But at least the surgeon gave me some reassuring information. I was concerned about the fact that I am alone. My family is in Italy. And I live in a house where I need to do 5 steps to get to the bathroom and bedroom.And I have two big dogs. He told me that once we will decide to do the surgery, I will meet a team of people among which a physiotherapist and an ergonomist, who will prepare me and my house for the “after surgery” months. They will check my stairs, my bathroom and make sure that I will be able to manage once home after the surgery, and still in convalescence. Because they send you home after 3 days. Walking. The surgeon said I will be able to walk the dogs after 3 days. When I told him they are a shepherd mix and a border collie, he said – maybe not – but soon enough! Of course there will be no agility for a while, but I could ask Sue or Lisa to work with Krypto. He works for anyone. Pongo would be easier to manage since he does not require so much exercise.

I am hoping things will be ok with Pongo and Krypto. I will maybe be able to drive after 3 weeks from surgery, so I will go to see others compete and play at fun matches. I will bring the to Red Gate and throw them the ball while sitting. They’ll get some exercise…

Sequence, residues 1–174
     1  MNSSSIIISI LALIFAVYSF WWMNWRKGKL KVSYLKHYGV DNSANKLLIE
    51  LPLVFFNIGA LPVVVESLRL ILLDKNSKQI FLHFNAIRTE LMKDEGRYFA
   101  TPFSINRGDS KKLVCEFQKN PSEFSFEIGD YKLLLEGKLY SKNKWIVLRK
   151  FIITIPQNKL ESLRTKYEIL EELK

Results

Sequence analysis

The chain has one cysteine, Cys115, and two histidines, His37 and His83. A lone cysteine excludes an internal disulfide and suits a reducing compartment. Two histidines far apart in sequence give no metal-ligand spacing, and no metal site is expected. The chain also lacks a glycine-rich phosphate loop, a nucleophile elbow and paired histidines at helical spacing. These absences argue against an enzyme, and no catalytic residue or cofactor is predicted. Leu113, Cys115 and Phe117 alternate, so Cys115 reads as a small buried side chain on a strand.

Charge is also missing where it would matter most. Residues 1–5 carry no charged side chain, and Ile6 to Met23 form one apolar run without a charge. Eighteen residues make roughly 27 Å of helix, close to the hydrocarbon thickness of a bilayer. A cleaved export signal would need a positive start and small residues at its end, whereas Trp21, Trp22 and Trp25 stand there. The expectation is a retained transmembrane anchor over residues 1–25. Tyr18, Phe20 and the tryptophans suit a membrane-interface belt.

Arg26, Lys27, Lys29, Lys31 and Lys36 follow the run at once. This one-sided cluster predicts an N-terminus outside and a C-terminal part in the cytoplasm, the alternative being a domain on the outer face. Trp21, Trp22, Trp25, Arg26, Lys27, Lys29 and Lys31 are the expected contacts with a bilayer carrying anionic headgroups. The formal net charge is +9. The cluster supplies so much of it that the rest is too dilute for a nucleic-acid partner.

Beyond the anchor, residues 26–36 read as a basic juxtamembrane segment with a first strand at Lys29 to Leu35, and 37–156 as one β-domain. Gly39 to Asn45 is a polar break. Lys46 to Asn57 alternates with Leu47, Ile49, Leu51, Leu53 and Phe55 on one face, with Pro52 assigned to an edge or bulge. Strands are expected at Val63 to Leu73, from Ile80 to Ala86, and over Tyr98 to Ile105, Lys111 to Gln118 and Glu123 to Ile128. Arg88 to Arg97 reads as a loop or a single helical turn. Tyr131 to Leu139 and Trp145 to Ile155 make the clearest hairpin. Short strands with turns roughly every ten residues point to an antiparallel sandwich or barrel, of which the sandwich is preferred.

Then I know one day it will be my left hip. And my knees…So I try to laugh about it and tell myself I will be better than the bionic woman…The laughter does not last long. So I think of the 3o years old lady that shared the hospital room with me when I had my meniscus surgery done last January. She had bone cancer. And she was going to die. And I think. I am lucky. Very lucky.

And I think I should not have posted this, but I needed som outlet for my fear and frustration…I can always delete this post if I want.

Now I feel a bit better. I vented my frustration. Things will be ok. I am grateful for the friends that I know will give me a hand with Pongo and Krypto, if needed. That will make my level of stress much lower.

Categories: Varia
  1. April 22, 2012 at 11:22 pm

    First, never regret. If this post has helped you in venting your frustration, then at least it has done that. Second, if ever, ever you need help in anything, be sure that your friends will be there to help you. You are not alone, but part of a group of very good people who are always available. One way or another, it will work out in the end. Third, the only person who can make a decision about your health is yourself. I can’t read your mind, but from your post, I believe that you’re halfway figuring out what you’re going to do. Fourth, interesting story about the patient you shared a room with at the hospital. My mother, when she was going through her chimo treatement when she was in her 70s, told me that she could never describe how she felt when she would see young people, in their 20s, ongoing the same treatment at the cancer clinic. However, it didmake her realise how lucky she was, considering.

    I have no right or wrong answer for you, except to say that I (and everyone else) am here for you.